An alternate means for ePassport certificate distribution is the ICAO Public Key Directory (PKD) service. Participating countries, such as Canada, share their document signer certificates and revocation lists through this secure directory.
In addition to passive authentication protecting against data tampering, the chip is fused (permanently locked) after being encoded. This feature prevents any further writing to the chip.
Unauthorized reading: Basic access control
The personal information stored on the chip is privacy protected by basic access control (BAC), a secure mechanism that ensures that ePassport readers will only be given access to the information on the chip if the data page machine-readable zone or MRZ (at the bottom of page 2 of the Canadian ePassport) has been read. Basically, if the reader can prove to the chip that it has scanned and has knowledge of the printed MRZ (in other words, the MRZ key), the chip can be read. This is based on the principle that if your passport is open for border authority verification, you are allowing it to be read.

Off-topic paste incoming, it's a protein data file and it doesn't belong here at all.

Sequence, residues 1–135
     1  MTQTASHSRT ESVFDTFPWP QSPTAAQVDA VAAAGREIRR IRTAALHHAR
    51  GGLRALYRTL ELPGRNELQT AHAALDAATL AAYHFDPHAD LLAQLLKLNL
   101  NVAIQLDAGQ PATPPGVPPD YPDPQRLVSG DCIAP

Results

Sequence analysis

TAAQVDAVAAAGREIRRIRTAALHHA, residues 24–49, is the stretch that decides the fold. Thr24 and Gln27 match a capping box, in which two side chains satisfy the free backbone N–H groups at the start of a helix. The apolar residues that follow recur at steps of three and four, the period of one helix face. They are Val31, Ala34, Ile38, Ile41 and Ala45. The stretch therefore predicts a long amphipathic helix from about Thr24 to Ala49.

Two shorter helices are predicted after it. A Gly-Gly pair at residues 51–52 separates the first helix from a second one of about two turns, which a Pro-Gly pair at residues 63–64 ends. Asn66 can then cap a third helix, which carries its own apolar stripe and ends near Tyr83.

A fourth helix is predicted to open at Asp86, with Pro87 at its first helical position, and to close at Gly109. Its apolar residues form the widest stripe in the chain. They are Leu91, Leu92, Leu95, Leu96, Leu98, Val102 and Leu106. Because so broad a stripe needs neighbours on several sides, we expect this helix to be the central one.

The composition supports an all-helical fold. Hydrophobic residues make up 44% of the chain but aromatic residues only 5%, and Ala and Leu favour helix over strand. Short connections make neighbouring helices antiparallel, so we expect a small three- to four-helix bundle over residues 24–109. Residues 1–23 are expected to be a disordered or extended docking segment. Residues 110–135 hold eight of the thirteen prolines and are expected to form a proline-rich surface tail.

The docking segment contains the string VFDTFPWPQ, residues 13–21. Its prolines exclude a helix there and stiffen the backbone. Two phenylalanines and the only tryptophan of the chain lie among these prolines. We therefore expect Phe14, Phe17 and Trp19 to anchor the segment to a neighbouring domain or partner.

BAC also protects the wireless communication channel after access is granted by generating a session encryption key with the reader and then encrypting all data transmitted both ways between the chip and the reader. The information cannot be read or easily decrypted by a radio frequency (RF) eavesdropper.
Cloning: Active authentication
An ePassport without chip copy protection could potentially be cloned by an impersonator with a substituted chip. This is an insignificant issue since the existing physical passport security features and passive authentication protect the ePassport against tampering.
As a preventative measure to detect cloning, active authentication (AA) is implemented in ePassports. AA works by including a cryptographic key pair unique to each chip. While the AA public key is digitally signed with the rest of the ePassport data using passive authentication, the corresponding AA private key is stored in secure memory and cannot be read or copied. During ePassport validation, the chip then proves knowledge of this private key by means of a challenge-response protocol. This means that the chip’s private key signs a random challenge presented by the ePassport reader, and the ePassport reader then uses the chip’s AA public key to verify the signed response and recognize the ePassport chip as genuine.
For more information on any of the discussed ePassport standards and security features, please see the links in the section Interoperability: Compliance with international standards.